The Port of Monroe, categorized as a deep-draft commercial harbor, opened on the River Raisin where it flows into Lake Erie in 1932. Historically, the port has primarily focused on bulk commodities cargo, including huge amounts of coal to the giant Detroit Edison power plant that is its neighbor, as well as petroleum products, limestone, synthetic gypsum and liquid asphalt.
Currently, the Paul R. Tregurtha, the largest ship on the Great Lakes at 1,013 feet in length, makes weekly delivery of coal to DTE, with a capacity of almost 65,000 tons.
Limestone cement dust is also delivered to the port, where it is used to scrub DTE’s smokestacks. That scrubbing in turn creates a byproduct called synthetic gypsum, which is then shipped to Alpena.
According to a report released in September 2018 by the consulting firm of Martin Associates of Lancaster, Pa., there were 751 jobs directly associated in 2017 with the port of Monroe, generating wages and salaries of $37.6 million. “Direct” means jobs directly generated from maritime cargo movement, including port operating jobs and jobs associated with movement of the cargo via additional transportation modes such as trucking and rail.
In addition, there were 334 indirect jobs associated with the port, generating $15.7 million in wages and salaries. “Indirect” refers to jobs supporting the port, including jobs at office supply firms, maintenance and repair firms and parts and equipment suppliers.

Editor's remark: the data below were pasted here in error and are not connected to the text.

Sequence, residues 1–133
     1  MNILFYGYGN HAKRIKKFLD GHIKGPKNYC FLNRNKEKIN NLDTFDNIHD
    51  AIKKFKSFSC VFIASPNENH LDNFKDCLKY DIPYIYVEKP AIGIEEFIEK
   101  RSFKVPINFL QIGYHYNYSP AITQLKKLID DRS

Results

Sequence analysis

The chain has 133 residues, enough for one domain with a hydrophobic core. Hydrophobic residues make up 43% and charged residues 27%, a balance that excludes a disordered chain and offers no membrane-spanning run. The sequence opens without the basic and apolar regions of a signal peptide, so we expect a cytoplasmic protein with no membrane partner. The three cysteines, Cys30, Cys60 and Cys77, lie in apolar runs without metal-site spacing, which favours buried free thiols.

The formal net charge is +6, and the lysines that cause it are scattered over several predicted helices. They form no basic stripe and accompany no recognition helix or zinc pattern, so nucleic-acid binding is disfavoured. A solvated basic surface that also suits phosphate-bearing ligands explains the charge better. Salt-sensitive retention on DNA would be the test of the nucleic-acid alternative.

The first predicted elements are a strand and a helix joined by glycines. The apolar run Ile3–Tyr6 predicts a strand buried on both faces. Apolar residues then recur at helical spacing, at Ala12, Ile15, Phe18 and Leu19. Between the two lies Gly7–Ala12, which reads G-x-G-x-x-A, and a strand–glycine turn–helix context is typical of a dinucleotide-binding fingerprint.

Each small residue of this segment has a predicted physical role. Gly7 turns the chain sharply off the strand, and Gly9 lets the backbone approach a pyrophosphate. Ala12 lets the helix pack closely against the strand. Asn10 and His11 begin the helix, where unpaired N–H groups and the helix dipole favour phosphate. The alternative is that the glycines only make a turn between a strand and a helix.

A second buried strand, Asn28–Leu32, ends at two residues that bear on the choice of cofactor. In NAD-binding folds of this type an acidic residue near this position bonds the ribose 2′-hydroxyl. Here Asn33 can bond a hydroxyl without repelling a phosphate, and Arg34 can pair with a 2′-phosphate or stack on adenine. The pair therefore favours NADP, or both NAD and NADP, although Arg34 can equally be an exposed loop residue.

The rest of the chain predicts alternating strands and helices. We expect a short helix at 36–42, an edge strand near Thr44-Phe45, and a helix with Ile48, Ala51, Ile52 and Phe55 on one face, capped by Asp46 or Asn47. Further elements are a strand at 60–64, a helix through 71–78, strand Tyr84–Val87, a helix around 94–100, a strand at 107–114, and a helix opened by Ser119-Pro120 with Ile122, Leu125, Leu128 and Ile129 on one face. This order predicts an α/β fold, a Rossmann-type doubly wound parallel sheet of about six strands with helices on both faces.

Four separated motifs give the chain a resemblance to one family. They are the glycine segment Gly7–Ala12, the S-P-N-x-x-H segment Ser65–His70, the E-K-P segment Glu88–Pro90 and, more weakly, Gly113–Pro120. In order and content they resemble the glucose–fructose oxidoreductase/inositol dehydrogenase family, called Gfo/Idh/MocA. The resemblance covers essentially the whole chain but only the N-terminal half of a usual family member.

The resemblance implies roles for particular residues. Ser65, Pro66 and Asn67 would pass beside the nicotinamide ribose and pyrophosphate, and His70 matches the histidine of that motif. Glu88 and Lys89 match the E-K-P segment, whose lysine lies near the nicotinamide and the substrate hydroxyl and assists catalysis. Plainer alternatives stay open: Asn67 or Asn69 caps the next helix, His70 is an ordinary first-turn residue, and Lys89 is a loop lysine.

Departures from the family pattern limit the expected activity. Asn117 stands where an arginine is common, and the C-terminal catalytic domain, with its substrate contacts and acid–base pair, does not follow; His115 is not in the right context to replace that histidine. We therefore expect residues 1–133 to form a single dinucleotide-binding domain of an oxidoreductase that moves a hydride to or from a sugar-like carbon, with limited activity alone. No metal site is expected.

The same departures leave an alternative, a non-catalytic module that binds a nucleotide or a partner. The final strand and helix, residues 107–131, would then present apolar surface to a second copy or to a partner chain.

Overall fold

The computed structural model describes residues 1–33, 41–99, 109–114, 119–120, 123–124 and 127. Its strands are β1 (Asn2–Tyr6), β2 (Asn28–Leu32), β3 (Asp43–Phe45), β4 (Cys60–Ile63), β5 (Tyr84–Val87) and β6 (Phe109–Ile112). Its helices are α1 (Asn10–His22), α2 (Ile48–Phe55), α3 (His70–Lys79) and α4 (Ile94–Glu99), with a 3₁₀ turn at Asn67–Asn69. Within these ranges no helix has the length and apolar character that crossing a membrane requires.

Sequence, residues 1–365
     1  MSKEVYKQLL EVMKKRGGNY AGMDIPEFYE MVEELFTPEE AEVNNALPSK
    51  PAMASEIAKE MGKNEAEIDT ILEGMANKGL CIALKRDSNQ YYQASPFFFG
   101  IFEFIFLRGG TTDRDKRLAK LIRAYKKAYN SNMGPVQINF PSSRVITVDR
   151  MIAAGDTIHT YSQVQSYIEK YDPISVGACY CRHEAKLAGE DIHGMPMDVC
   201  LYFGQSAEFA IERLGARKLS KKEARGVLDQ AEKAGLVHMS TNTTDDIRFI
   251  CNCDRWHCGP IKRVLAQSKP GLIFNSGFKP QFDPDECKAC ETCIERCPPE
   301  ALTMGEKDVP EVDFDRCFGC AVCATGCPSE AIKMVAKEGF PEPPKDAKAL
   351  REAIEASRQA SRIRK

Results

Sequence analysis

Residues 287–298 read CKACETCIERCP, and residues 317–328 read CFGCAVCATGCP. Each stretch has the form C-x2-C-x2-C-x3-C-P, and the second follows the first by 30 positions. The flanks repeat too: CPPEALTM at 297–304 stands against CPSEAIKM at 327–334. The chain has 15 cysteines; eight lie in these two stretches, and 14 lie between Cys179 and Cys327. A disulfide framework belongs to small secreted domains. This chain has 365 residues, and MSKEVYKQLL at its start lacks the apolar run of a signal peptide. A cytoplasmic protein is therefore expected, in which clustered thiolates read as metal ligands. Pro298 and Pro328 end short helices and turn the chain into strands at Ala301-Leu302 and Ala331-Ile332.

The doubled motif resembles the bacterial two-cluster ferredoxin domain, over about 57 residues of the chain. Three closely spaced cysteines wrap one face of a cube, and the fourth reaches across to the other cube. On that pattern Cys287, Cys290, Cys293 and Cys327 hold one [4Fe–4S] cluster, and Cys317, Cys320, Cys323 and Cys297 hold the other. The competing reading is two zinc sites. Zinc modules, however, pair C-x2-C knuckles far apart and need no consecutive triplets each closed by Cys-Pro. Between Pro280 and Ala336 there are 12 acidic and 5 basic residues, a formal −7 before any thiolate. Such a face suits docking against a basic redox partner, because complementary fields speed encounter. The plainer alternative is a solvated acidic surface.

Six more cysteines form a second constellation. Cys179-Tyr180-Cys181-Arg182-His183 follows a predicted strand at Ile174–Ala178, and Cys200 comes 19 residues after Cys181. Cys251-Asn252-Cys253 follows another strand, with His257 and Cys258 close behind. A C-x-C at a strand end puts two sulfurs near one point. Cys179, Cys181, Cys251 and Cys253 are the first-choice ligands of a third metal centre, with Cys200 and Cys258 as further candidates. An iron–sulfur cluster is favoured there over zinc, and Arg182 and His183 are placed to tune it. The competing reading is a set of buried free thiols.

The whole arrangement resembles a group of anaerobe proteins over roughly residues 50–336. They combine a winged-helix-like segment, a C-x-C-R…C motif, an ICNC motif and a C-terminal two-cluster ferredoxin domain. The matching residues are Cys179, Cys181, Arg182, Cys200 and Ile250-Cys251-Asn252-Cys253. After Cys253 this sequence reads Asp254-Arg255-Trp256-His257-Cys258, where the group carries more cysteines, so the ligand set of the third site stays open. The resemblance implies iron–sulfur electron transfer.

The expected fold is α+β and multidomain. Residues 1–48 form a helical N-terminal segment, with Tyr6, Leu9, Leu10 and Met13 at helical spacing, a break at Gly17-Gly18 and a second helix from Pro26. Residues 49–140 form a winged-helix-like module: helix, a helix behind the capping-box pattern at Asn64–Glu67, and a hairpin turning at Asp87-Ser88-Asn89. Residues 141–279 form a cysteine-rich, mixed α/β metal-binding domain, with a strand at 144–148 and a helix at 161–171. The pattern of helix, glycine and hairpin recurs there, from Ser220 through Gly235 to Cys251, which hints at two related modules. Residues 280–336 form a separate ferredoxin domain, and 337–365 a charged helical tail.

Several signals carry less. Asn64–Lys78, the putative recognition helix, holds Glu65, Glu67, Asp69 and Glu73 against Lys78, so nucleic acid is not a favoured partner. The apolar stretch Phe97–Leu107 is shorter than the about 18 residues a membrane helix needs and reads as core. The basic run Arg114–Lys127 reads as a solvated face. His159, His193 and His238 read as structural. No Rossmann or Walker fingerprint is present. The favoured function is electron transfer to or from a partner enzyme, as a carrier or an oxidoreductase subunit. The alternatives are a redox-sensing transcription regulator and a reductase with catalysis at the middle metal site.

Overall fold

Finally, there were about 574 induced jobs associated with the port generating $67.8 million. “Induced” means jobs associated with economic activity that is generated with direct job holders who spend money on goods and services in the region, including housing, clothing and food.
In total, in 2017, the port was associated with 1,659 jobs that generated $121.1 million in wages, salaries and consumption expenditures. Those figures are a substantial increase from 2011 figures, when it was estimated the port created 577 direct, indirect and induced jobs and $44.1 million in wages, salaries and consumption expenditures.
Most of that growth has been under Paul LaMarre, a former Navy fighter pilot who became director of the port in 2012.
“The Port of Monroe has expanded exponentially under Paul LaMarre. I’d hate to see that growth stopped because of the Detroit office of Customs and Border Protection,” said U.S. Rep. Tim Walberg.